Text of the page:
Volume 409, Number 3, October III 2003
|Page(s)||983 - 987|
|Section||Stellar structure and evolution|
|Published online||17 November 2003|
The X-ray afterglow of GRB 030329
Istituto di Astrofisica Spaziale e Fisica Cosmica – CNR, Sezione di Milano “G.Occhialini”, Via Bassini 15, 20133 Milano, Italy
2 Università degli Studi di Milano, Dipartimento di Fisica, v. Celoria 16, 20133 Milano, Italy
3 INAF-Osservatorio Astronomico di Brera, v. Bianchi 46, 23907 Merate (LC), Italy
4 Institute of Astronomy, Madingley Road, Cambridge CB3 OHA, UK
5 XMM-Newton Science Operation Center, ESA, Vilspa, Apartado 50727, 28080 Madrid, Spain
Corresponding author: A. Tiengo, email@example.com
Accepted: 23 July 2003
We report on XMM-Newton and Rossi-XTE observations of the bright (fluence ~10-4 erg cm-2) and nearby () Gamma-Ray Burst GRB 030329 associated to SN2003dh. The first Rossi-XTE observation, 5 hours after the burst, shows a flux decreasing with time as a power law with index . Such a decay law is only marginally consistent with a further Rossi-XTE measurement (at hr). Late time observations of this bright afterglow at X-ray wavelengths have the advantage, compared to optical observations, of not being affected by contributions from the supernova and host galaxy. A first XMM-Newton observation, at days, shows a flux of erg cm-2 s-1 (0.2–10 keV). The spectrum is a power law with photon index and absorption < cm-2, consistent with the Galactic value. A further XMM-Newton pointing at days shows a flux fainter by a factor ~2. The combined Rossi-XTE and XMM-Newton measurements require a break at days in the afterglow decay, with a power law index increasing from 0.9 to 1.9, similar to what is observed in the early part of the optical afterglow. The extrapolation of the XMM-Newton spectra to optical frequencies lies a factor of ~10 below simultaneous measurements. This is likely due to the presence of SN2003dh.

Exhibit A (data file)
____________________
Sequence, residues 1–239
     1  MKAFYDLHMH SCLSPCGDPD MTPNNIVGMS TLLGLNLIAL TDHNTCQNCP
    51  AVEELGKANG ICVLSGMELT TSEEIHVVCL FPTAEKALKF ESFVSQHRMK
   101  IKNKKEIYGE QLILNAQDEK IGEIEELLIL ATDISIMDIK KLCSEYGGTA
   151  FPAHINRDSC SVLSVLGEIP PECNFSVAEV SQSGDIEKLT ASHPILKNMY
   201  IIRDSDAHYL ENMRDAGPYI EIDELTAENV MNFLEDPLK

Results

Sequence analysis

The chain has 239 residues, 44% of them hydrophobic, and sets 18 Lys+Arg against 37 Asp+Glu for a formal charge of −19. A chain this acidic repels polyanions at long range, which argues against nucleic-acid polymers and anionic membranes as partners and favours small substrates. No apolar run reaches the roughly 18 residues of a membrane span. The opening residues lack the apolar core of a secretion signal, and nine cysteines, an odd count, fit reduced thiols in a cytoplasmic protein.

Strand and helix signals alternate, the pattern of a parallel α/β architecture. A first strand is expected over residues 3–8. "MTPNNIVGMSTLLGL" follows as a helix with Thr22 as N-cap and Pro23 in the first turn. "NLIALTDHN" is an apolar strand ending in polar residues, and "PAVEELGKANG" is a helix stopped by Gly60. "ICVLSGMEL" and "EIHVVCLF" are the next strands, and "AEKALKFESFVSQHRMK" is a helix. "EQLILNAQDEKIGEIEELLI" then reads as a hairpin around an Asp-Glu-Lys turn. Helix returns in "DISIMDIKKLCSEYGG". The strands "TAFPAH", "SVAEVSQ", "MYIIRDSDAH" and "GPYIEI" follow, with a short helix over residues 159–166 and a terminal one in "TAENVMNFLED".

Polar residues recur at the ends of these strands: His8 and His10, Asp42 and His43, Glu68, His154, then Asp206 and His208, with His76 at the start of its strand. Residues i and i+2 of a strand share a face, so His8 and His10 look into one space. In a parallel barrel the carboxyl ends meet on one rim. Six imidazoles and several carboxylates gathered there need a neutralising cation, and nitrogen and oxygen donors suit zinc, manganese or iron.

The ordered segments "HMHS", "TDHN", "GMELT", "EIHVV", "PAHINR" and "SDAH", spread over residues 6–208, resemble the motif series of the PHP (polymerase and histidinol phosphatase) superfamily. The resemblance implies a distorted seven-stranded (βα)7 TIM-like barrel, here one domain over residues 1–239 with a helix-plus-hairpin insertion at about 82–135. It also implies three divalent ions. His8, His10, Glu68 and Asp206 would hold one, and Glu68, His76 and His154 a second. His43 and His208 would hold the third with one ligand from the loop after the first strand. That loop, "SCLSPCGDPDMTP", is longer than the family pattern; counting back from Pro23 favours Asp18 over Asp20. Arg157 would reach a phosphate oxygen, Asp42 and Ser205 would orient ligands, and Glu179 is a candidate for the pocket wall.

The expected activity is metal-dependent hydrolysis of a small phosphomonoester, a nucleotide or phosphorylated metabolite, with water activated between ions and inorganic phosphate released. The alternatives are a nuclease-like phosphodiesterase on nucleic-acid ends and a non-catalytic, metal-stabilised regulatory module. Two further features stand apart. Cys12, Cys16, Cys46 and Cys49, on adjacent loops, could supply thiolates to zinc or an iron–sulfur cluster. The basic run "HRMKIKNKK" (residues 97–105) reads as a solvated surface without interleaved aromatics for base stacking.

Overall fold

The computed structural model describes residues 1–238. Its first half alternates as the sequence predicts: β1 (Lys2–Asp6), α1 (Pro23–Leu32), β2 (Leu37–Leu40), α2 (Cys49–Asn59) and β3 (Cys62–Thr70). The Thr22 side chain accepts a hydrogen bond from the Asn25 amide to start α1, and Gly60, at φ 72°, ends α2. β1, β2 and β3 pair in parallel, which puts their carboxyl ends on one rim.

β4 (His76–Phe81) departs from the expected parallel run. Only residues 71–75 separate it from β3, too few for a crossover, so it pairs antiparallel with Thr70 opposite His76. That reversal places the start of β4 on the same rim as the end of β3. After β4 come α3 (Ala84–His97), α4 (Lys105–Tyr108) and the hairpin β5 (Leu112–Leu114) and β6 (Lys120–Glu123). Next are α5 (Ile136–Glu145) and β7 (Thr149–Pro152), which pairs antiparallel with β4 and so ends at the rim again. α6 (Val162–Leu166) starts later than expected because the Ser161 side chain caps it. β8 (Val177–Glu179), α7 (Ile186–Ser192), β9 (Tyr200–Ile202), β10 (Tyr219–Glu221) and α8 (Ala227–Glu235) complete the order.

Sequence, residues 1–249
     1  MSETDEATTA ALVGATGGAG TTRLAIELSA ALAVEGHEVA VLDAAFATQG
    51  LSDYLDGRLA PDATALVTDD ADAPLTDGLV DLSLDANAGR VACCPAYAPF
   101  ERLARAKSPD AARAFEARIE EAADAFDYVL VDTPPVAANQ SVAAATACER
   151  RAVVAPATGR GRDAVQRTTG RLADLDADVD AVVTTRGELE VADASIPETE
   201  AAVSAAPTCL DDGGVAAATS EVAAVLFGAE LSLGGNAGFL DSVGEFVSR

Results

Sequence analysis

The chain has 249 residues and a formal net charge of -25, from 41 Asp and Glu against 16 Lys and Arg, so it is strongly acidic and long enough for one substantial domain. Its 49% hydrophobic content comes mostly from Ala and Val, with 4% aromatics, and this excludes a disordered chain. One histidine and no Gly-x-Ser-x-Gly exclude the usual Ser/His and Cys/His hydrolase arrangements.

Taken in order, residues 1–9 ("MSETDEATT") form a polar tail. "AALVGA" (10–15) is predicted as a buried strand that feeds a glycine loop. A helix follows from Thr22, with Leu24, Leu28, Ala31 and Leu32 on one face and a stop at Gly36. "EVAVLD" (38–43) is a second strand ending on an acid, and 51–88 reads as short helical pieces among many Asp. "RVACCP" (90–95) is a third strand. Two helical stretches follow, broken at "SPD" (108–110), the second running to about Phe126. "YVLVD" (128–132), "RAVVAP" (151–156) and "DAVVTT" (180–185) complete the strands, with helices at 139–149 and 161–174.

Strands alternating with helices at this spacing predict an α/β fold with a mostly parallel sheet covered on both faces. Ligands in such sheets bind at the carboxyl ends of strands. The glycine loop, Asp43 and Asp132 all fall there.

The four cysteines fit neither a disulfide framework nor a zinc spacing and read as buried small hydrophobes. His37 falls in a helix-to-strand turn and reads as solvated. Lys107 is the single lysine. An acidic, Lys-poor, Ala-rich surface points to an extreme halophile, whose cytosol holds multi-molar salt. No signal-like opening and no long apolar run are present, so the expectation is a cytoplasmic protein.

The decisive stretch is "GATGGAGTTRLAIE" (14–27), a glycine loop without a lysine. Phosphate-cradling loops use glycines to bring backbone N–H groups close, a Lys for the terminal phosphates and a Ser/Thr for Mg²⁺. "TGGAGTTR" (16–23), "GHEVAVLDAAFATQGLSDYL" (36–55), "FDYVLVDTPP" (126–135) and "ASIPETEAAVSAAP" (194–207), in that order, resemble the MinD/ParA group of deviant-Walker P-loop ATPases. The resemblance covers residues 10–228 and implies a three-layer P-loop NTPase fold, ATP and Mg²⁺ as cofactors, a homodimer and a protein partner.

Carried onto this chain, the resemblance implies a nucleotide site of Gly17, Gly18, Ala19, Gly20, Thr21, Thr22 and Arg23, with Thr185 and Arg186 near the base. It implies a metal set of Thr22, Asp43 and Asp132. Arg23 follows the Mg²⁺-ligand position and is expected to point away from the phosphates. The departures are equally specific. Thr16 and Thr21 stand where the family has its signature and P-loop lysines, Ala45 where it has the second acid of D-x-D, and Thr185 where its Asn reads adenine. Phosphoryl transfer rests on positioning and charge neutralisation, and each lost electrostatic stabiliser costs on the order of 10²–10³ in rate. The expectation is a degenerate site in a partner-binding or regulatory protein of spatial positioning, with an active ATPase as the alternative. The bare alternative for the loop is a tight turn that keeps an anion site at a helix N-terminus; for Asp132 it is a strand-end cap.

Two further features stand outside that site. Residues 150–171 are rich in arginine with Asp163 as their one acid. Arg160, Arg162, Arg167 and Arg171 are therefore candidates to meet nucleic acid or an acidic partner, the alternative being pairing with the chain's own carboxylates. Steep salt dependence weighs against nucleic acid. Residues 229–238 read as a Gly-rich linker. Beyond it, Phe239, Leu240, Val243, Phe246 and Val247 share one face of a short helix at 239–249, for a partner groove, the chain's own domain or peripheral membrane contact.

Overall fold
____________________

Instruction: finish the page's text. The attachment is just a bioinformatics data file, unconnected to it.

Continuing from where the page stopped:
Key words: gamma rays: bursts
© ESO, 2003
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